• They require the company to pursue charitable purposes and to apply its income in promoting those purposes.
  • They prohibit distribution to its members and the payment of fees to its directors
  • They require directors to approve all other payments made by the company to the directors.
  • The Limited or LTD status of the company can help the company achieve its objectives more successfully. Clients and investors who see this are reassured of its trust and reliability.
  • The Guarantee Company is a distinct legal entity, the sole responsibility of the company lies with the company itself.
  • The Guarantor’s personal finances are protected. The Guarantor will only be responsible for paying what was initially agreed upon by all members.

Limited Liability of Guarantors

The biggest attraction of Guarantee Companies is their limited liability. If the Guarantee Company is ever involved in a business transition that does not succed, Guarantors have legal protection to shield themselves and their personal finances from and liabilities that may result.If the Guarantee Company dissolves, then Guarantors will only be responsible for a nominal sum of money;which they had agreed upon at the time of incorporation of the company.In some cases, it can be as little as £1.

In addition to having limited liability, a Guarantee Company may also be limited by share capital. Because they do not have a share capital, they must be incorporated as public companies and must include the word ‘Limited’ or the abbreviation “Ltd” at the end of the company name.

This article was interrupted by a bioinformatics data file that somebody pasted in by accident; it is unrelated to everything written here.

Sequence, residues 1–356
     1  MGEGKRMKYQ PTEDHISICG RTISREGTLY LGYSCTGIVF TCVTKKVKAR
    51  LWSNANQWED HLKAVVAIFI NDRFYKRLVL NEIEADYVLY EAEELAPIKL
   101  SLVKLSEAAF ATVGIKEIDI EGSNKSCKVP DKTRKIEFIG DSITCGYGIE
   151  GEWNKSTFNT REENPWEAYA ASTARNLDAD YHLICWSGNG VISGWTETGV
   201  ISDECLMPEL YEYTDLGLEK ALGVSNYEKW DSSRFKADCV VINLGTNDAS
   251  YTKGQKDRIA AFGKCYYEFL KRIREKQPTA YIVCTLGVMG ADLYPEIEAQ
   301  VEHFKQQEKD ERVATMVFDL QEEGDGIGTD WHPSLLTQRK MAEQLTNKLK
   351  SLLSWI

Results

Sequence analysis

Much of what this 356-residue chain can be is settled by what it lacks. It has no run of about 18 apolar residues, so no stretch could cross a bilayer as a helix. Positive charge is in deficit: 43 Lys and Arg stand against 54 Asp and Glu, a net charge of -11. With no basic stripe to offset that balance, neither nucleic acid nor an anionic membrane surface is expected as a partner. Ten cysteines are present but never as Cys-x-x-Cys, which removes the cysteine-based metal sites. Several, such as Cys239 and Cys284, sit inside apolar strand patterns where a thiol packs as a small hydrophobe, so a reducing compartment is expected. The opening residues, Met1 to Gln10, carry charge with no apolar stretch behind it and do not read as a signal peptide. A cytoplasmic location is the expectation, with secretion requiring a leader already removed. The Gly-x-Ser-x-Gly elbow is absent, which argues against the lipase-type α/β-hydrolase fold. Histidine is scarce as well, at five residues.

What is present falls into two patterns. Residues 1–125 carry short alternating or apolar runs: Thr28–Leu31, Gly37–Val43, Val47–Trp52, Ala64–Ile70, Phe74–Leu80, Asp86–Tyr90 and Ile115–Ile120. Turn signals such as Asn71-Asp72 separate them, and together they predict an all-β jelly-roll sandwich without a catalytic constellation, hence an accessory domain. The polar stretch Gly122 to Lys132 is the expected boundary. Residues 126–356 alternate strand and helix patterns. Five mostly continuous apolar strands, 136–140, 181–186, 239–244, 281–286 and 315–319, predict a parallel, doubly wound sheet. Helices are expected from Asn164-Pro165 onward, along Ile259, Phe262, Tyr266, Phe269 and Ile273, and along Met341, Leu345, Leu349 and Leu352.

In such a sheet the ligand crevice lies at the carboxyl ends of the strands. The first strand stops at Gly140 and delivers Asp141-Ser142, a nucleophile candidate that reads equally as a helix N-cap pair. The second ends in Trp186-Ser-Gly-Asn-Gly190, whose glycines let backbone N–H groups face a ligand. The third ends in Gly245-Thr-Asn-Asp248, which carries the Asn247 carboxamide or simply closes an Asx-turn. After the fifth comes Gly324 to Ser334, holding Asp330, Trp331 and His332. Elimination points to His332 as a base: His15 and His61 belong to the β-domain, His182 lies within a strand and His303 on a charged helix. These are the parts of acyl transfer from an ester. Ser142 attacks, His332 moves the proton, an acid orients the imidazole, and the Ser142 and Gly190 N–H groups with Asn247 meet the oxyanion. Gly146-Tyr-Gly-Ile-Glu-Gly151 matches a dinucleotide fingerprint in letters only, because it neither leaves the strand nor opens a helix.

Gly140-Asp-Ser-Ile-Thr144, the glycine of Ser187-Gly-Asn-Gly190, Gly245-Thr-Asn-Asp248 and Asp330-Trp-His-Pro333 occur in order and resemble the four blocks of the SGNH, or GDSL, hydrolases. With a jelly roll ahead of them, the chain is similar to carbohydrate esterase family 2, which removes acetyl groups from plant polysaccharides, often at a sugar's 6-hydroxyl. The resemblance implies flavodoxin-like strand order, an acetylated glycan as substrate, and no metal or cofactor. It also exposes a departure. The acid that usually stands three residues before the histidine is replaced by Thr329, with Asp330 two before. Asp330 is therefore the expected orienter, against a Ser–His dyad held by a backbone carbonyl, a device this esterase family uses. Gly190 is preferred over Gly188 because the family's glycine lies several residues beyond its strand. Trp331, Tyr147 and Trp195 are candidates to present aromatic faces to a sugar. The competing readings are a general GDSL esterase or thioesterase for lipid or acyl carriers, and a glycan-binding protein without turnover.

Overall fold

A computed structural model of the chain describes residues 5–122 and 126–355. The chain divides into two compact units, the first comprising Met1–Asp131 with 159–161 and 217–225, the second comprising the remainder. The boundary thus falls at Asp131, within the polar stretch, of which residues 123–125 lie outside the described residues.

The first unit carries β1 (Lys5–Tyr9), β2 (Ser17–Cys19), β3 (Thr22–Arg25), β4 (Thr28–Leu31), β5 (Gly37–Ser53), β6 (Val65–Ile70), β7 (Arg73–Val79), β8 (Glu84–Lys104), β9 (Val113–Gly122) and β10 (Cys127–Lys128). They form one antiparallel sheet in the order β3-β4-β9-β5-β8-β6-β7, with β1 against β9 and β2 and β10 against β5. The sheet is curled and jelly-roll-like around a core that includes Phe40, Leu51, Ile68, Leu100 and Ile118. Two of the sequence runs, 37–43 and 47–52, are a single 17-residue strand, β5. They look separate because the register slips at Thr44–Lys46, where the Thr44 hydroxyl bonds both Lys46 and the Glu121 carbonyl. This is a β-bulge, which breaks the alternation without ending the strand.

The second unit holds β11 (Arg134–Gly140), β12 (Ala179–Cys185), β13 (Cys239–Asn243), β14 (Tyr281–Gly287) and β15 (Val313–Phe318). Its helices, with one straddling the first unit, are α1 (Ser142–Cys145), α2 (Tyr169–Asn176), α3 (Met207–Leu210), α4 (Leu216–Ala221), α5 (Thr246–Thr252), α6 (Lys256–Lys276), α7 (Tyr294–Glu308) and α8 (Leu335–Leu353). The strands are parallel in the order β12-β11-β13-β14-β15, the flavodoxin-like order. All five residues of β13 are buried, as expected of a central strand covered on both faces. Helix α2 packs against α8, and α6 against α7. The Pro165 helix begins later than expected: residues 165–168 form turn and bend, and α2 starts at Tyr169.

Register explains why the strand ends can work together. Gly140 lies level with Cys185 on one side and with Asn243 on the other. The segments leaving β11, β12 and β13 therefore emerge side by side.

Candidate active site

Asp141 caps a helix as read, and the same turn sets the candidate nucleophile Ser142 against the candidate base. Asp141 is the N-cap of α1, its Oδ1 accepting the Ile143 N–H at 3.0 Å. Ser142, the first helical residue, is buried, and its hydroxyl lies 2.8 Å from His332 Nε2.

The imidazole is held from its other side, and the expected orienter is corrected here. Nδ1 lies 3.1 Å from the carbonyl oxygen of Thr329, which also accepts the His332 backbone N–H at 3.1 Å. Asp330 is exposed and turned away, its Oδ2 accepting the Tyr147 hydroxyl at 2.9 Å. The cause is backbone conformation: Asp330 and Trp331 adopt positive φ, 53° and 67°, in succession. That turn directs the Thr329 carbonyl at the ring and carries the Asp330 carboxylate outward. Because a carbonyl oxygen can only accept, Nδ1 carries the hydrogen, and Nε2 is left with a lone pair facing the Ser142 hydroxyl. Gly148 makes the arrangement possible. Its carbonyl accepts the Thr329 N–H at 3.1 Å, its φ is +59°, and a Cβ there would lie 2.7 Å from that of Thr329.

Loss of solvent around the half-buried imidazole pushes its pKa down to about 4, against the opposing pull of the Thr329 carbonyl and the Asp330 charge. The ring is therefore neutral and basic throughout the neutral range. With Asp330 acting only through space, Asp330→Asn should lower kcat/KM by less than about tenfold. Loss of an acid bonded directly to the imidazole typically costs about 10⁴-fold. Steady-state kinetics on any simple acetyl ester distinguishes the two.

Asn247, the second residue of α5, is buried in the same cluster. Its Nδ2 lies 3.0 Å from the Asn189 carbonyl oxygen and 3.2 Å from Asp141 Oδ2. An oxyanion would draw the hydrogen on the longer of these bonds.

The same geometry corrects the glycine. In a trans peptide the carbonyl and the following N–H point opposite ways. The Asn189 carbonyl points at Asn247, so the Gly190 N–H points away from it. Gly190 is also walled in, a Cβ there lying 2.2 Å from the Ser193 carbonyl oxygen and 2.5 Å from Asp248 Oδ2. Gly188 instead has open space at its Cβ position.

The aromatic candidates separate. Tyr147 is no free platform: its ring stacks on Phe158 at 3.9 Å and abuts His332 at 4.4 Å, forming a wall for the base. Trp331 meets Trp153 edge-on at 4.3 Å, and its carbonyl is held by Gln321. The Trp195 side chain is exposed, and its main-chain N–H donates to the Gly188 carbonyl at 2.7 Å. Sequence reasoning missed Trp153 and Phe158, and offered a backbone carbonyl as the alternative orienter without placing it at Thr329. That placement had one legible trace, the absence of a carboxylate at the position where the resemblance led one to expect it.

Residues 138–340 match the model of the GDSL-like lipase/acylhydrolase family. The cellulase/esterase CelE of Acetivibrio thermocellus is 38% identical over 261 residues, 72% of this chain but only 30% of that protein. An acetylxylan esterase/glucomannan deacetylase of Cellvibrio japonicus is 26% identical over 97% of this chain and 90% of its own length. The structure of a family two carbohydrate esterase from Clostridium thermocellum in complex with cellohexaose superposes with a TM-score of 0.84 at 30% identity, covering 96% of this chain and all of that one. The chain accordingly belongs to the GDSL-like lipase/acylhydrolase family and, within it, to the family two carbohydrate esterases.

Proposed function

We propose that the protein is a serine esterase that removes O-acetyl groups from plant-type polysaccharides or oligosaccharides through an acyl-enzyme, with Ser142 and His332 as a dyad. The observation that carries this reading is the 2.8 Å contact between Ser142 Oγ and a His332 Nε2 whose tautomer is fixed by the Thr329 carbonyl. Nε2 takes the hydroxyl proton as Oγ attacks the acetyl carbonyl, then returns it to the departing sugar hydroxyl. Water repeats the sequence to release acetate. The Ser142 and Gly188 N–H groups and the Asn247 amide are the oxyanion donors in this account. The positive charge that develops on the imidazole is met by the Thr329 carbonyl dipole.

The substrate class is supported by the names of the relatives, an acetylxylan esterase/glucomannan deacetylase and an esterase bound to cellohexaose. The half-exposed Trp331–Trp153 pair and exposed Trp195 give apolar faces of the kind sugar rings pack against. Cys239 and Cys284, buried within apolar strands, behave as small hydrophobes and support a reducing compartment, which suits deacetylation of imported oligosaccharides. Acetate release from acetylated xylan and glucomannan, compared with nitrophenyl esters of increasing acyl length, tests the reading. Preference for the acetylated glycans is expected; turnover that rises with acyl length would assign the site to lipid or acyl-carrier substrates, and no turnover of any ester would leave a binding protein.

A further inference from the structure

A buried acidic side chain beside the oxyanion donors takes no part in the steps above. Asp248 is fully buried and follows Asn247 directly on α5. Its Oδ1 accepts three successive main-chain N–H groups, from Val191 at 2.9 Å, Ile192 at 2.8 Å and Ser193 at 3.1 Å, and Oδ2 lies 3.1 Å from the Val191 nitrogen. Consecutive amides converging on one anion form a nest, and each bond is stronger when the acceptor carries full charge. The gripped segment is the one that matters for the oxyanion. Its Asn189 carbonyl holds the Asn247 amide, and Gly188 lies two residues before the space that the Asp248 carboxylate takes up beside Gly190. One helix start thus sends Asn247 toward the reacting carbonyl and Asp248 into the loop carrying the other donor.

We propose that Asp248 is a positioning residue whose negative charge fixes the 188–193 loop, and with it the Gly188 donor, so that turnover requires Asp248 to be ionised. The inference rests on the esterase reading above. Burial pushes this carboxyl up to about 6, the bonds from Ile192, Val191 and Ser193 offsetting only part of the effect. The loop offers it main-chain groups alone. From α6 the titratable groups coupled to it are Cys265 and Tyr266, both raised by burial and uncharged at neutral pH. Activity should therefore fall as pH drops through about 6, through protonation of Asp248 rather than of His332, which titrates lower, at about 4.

In the case where there is any surplus income, this money is re-invested as per the original purpose the Guarantee Company was formed. These can be for the promotion of charity, education,science, commerce, art, religion, or any profession.This money cannot in any way be distributed to its members. If it does, it ceases to exist as a Guarantee Company and is Limited by Shares.

Its Decision Time

In some cases, deciding between a Guarantee Company and a company limited by shares can be a little complicated. The basic approach to deciding between the two is the planned distribution of profits.

Non-Profit Business = Guarantee Company

Profit-Making Business = Company Limited by Shares

Can the Two Be Interchangeable in The Future

So, you’ve formed your company, but later decide that you wanted to incorporate the other type. Is it possible to change your company now? Unfortunately, this change cannot be done after a Guarantee Company is incorporate. You will be required to incorporate an entirely new company, while dissolving your existing company. It is advisable to begin the process of incorporating a new company before your start with the dissolution process as the dissolution process can take up to 3 months.

Also keep in mind, you will be required to meet all filling and registration requirements under the Company House guidelines. If you wish to retain the name of the company, you will need to wait for the dissolution process to end before your can use the name. It is also possible to use a new name and register a new company and change the name once the dissolution process goes through. This is a bit tricky as it may require you to move quickly after the company closure process is initiated.

Good to Know Fact

One of the largest collapses in corporate history was a Guarantee Company – The National Safety Council of Australia Victoria Division. This company had 300 full-time employees and collapsed with losses estimated at $65,644,000. The collapse was triggered by the large-scale fraud of the company’s Chief Executive Officer (CEO). An action brought by a creditor against the directors resulted in one director being found personally liable to pay approximately $97 million and a significant judicial decision on the duties of the care owed by non-executive directors.